The Insecure Writer's Support Group, which posts on the first Wednesday of the month, hosted by Alex J. Cavanaugh, can be found by clicking HERE. You can see other members and what they are writing about, or join up yourself.
I want to pass on some interesting reasons for rejection when you are ready to submit a manuscript to a publisher or an agent. These are things that you can investigate in your own writing and see if you need to do some editing. Please remember that there are a gazillion reasons why an agent or publisher might not use your work. It might be as simple as the wrong genre for that agent or publisher. But investigating them beforehand is always prudent and will keep you from having to waste time submitting and waiting to hear back.
Here are some other reasons:
- An opening image doesn't work.
- Opened with a rhetorical question(s).
- The first line's hook didn't work, because it wasn't tied to the plot or the conflict of the opening scene.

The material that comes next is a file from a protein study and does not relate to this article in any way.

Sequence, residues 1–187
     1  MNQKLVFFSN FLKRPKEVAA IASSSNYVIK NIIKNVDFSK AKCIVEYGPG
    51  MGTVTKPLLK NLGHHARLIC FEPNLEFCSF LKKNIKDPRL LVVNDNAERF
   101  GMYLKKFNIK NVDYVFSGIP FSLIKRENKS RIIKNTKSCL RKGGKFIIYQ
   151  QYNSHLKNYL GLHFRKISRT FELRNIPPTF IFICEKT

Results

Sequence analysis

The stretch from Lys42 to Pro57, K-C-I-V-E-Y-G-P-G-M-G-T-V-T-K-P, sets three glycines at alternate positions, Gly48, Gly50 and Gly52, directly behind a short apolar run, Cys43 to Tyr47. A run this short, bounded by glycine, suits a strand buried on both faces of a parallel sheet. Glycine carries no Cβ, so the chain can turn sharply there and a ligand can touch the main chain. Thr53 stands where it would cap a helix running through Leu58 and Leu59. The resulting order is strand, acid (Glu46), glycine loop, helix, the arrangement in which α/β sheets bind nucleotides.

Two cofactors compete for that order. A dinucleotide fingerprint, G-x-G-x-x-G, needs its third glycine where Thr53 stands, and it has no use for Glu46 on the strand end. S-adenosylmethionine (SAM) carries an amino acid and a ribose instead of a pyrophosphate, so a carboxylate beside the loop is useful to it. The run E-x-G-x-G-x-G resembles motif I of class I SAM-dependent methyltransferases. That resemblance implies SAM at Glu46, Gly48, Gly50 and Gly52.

- The first line's hook didn't work, because it was an image, rather than something that was happening in the scene.
- Took too long for anything to happen; the story taking its time to warm up.
- Not enough happens on page 1.
- The opening sounded like an ad for the book or a recap of the pitch, rather than getting the reader into the story.
- The opening starts with phrases, "My name is..." and /or "My age is..."
- The opening contained the phrase, "This can't be happening."
- The opening contained the phrase or implication, "And then I woke up."
- The opening contained too much jargon.
- The opening contained one or more cliched phrases.
- The opening contained one or more cliched pieces of material. For example: a character's long red or blonde hair.
- The opening had a character do something that characters only do in books. For example: a character shakes their head to clear an image, or "clearing the cobwebs."
Comments about writing: I believe that whether or not you choose to follow the current flow of what's acceptable in writing, is up to you. You are the author and as long as you can present your material masterfully and creatively, then if you want to take ten pages to "warm up" your story that's great. It might not be received as enthusiastically by this generation of readers, but you have to write what's in your heart and not sell out to commercialism.